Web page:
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Old 2nd June 2011, 15:46   #1
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Question What is the way forward for new automobile companies?

Should they say 'Bonjour' India with premium segement cars or small cars?

On 23rd May, Renault Fluence was launched and while I was busy reading T-BHP review which was again 'The Perfect' one, a thought cropped up over the weekend.

Has Renault done a mistake in launching a C+/D segement car first after departing with M&M?
Small cars ( hatchbacks & entry level sedans) generate much larger sales figures then C+/D segement cars, so shouldn't, Renault have launched a hatchback first followed by much awaited RD (Renault Duster) which is an excellent mini-SUV and a potential threat, not only to Scorpio & Safari but also to other C- segement cars.

We have been debating strongly on prices of RF(Renault Fluence), what will Renault do if they do not meet their average monthly target?
Will they swap their 2012 launches with 2011 launches (more potential ones).
Was it a correct strategy by Renault? Will they able to make their presence felt strongly in Indian market with their current launch?

I do understand that VW, Skoda & few other companies followed a similar strategy, some years back, but, the time is changing now.
What should new car manufacturers like 'Pronto', 'Kia', 'Peugeot', 'Citroen' and others should do? Should they follow the same strategy or launch a small car first?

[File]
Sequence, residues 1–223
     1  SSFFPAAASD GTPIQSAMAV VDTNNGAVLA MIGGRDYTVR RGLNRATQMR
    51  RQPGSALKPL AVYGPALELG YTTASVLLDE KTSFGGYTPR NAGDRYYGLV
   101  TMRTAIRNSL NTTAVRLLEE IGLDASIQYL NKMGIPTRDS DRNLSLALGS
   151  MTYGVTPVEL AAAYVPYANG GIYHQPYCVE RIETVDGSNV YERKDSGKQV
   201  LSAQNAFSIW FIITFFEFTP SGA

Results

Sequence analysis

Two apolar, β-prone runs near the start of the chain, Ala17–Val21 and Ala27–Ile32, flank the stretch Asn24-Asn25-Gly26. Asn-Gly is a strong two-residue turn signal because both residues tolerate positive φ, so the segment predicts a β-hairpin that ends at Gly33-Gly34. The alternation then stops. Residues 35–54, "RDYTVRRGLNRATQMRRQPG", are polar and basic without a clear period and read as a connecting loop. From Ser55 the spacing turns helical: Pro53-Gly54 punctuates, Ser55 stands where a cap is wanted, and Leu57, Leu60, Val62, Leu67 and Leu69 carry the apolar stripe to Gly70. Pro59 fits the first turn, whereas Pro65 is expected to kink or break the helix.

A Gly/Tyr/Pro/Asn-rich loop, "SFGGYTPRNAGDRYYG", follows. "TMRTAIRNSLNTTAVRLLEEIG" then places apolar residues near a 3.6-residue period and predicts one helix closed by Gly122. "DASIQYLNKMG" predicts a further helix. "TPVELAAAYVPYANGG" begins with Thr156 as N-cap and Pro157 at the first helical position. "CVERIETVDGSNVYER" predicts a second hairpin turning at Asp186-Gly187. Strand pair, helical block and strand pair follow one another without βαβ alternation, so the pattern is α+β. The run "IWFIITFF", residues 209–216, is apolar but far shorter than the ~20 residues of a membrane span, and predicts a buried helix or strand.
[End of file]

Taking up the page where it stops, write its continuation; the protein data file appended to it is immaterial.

I am not an analyst nor I am doing any MBA course, but a normal individual who wish to know more, understand more by discussing it with my fellow members.
So please post your thoughts.
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Old 2nd June 2011, 16:09   #2
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Default Re: What is the way forward for new automobile companies?

Mobile phones can be sold in thousands with just one service center. Because once sold, they rarely come back to the manufacturer for servicing. Plus, import duties are quite low - so you can just import it without setting up a large manufacturing/assembling unit.

However, cars are not like mobile phones - you need to have a large number of dealers to service the cars you sell. Now, to roll out a large dealership network, it takes a lot of time. One needs to market the new brand to the dealer business community and select the best from the lot who evince interest. Then the dealership has to trained in various processes etc before they can handle large volumes.

Solution? Launch cars like Fluence (Renault), Jetta/Passat (VW) and X-trail/Teana (Nissan). Low volumes but decent visibility along with some brand building. While the thin dealership takes care of the low volumes and the small manufacturing unit handles the CBUs or CKDs, the car maker expands their manufacturing capacity to introduce high volume small cars (Polo by VW & Micra by Nissan) & sedans (Vento by VW) over 2 to 3 years.